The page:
We have been working with more and more clients in the manufacturing sector that have decided to adopt an Applicant Tracking System (ATS) as part of their talent recruiting process. Generally speaking, Applicant Tracking Systems are fashioned as a portal for individuals to submit their career credentials and express their interest in either a particular organization or a particular job that the organization is promoting. In theory, an ATS is a great idea. They are easily deployable software programs that remove the tedious aspects of sorting through resumes, screening out and dismissing unsuitable applicants, and distributing resumes to a particular department and a particular hiring manager. However, if any of the vendors who built the first Applicant Tracking Systems had spent ten seconds thinking about that process, they would have designed it intelligently, using normal human logic to create a funnel that would simplify the process of separating the wheat from chaff in the talent selection pipeline.
When you fill out an online job application, it asks where you worked, and your job title. Any reasonable person can extrapolate your major duties from the job title, but every ATS asks for the tasks and duties you performed anyway. Tasks and duties!
You’re asked what tasks and duties you performed, as though the list of items in a job description is more important for your next employer to understand than what you actually accomplished on the job.
If you think about the smartest, most switched-on person you’ve ever worked with, and then think about the biggest slacker and do-nothing person you’ve ever worked alongside, the contrast between those two people is obvious. Yet no ATS in the world could distinguish between them, as long as the two people worked at the same job in the same company at the same time. Applicant Tracking Systems don’t inquire about what you learned at a job, what you left in your wake, or what you view as your greatest accomplishment. The selection mechanism most of my clients use is stuck in the past, interested only in the tasks and duties and tools you used, as though those things out of context could have any significance to the next hiring manager you work for.
Applicant Tracking Systems are Black Holes for job-seekers. You lob a resume in and nothing comes back. If you’re lucky enough to get a response, it’s likely to be a different (but still terse) auto- response demanding that you complete an aptitude test or an honesty test. The honesty tests employers use are actually intelligence tests, because if you’re not smart enough to figure out the ‘right’ answer on those things (“If you saw an employee stealing, what would you do?”) you’re not smart enough to have a job. And it’s not just the choice of fields in Applicant Tracking Systems that makes them so loathsome. They are built on bad logic at their core. They are based on the notion that the central problem in recruiting is to screen out and dismiss unsuitable candidates, making a business function of the vetting process, whereas, in fact, the problem in recruiting is that it’s hard to find great people, and we should be selling them throughout the process if we want them to consider joining us.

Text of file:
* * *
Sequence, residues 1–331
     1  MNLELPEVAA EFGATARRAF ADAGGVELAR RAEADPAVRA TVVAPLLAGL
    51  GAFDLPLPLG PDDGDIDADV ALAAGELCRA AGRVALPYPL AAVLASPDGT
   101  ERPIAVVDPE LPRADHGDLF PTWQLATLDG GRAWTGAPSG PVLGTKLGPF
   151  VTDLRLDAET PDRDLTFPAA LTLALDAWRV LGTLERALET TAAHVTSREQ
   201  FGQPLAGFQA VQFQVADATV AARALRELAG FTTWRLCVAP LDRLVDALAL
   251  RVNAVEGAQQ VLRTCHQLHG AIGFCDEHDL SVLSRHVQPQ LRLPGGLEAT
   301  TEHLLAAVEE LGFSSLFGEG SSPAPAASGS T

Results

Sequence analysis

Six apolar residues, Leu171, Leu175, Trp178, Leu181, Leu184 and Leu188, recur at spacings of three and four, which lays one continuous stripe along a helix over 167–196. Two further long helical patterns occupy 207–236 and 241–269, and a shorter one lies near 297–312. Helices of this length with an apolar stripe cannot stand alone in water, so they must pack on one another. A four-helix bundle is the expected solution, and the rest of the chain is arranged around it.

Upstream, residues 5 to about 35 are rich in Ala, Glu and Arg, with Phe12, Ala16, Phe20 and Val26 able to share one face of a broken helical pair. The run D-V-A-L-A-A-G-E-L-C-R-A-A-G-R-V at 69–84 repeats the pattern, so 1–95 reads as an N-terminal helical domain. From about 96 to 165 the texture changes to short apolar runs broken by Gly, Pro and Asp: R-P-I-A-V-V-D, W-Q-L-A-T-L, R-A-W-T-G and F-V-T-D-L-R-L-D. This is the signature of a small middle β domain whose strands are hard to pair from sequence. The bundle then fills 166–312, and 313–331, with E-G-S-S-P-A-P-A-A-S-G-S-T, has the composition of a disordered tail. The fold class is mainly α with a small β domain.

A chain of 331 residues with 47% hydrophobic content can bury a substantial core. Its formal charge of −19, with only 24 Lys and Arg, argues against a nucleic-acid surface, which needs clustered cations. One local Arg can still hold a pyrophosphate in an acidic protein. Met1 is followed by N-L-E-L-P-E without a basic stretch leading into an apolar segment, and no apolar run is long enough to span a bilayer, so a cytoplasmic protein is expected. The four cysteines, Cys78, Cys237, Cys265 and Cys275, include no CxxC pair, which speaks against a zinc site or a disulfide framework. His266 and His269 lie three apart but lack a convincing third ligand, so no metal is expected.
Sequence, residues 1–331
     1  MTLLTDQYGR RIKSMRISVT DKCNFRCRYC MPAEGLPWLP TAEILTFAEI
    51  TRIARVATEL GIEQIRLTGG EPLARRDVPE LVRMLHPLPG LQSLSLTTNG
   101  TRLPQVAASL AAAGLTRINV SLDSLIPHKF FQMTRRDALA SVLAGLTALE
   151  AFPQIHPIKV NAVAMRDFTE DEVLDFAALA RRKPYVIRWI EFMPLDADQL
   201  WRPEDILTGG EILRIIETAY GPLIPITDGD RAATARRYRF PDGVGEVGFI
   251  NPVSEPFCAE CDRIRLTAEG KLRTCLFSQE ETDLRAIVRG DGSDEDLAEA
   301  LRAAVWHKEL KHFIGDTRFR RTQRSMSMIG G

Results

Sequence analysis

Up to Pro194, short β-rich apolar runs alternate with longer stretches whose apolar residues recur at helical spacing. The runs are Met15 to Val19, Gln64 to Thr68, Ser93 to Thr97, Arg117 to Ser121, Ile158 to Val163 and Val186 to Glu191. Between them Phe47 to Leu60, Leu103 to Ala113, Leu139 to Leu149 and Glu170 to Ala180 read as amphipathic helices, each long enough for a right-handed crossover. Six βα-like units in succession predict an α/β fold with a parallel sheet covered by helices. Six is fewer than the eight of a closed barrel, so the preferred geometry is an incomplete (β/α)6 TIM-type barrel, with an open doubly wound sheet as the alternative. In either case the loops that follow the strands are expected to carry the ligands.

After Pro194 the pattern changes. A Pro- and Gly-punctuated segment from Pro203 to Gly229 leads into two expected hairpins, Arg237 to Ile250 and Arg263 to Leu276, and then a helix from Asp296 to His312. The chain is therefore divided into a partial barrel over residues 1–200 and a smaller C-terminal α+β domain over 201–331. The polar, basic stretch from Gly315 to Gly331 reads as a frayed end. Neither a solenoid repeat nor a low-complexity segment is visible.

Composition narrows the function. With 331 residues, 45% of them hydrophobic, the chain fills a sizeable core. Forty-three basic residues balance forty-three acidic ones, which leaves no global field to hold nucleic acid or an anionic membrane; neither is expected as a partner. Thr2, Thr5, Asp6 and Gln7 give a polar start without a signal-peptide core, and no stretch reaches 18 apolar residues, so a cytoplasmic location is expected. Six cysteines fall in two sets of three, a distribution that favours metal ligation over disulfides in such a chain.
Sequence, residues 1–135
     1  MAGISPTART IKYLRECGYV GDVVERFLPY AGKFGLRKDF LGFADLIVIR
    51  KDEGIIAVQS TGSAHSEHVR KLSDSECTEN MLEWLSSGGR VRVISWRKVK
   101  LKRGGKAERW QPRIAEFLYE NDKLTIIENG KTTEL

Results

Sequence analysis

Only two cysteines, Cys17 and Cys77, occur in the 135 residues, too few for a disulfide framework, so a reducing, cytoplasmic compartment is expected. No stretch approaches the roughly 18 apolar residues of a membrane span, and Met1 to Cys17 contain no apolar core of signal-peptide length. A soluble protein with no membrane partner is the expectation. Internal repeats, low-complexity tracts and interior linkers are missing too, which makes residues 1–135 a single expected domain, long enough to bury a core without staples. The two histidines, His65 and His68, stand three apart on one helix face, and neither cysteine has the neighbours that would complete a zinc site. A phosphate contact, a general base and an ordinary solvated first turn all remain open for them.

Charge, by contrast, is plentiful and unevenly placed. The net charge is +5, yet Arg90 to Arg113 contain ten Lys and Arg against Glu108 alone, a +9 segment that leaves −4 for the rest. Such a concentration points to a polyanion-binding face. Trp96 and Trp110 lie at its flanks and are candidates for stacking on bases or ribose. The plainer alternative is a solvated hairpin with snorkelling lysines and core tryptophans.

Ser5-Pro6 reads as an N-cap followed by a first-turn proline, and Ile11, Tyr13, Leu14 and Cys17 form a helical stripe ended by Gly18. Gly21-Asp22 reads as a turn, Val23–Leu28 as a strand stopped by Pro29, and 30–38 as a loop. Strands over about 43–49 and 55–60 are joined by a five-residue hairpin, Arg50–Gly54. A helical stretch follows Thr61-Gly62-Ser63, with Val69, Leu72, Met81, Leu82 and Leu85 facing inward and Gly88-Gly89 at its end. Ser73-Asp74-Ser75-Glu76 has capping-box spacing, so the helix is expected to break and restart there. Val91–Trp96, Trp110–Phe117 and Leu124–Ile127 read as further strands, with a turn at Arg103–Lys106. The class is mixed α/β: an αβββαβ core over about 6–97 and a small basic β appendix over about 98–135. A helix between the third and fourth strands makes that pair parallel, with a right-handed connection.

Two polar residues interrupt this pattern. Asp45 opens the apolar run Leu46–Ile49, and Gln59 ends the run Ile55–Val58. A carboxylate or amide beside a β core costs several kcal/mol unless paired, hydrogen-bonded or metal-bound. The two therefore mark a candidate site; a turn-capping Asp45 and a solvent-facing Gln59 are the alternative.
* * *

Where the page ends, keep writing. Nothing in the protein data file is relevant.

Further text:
Ask any CEO how s/he feels about the availability of talent. It’s a global problem, and not only because job descriptions are so often fanciful-bordering-on-delusional. It’s hard to find employees who are not only smart and plucky but also good communicators, flexible and reliable. When you’re facing a shortage of talent – not job applicants, mind you, but the proactive and self-directed subset of those applicants who can make a difference for your firm and its customers – is your first thought “Let me make the job application process as off-putting as possible?” Not if you understand anything about human motivation.
The ATS vendors that will survive to 2020 and beyond will be the ones that figure out how to humanize the selection process. Luckily, it isn’t complicated. An ATS that were oriented toward engaging job-seekers rather than intimidating and repelling them would be a good start.
Our mission is simple:
We’re here to make good things happen to other people.
Categories: Connectivity Practice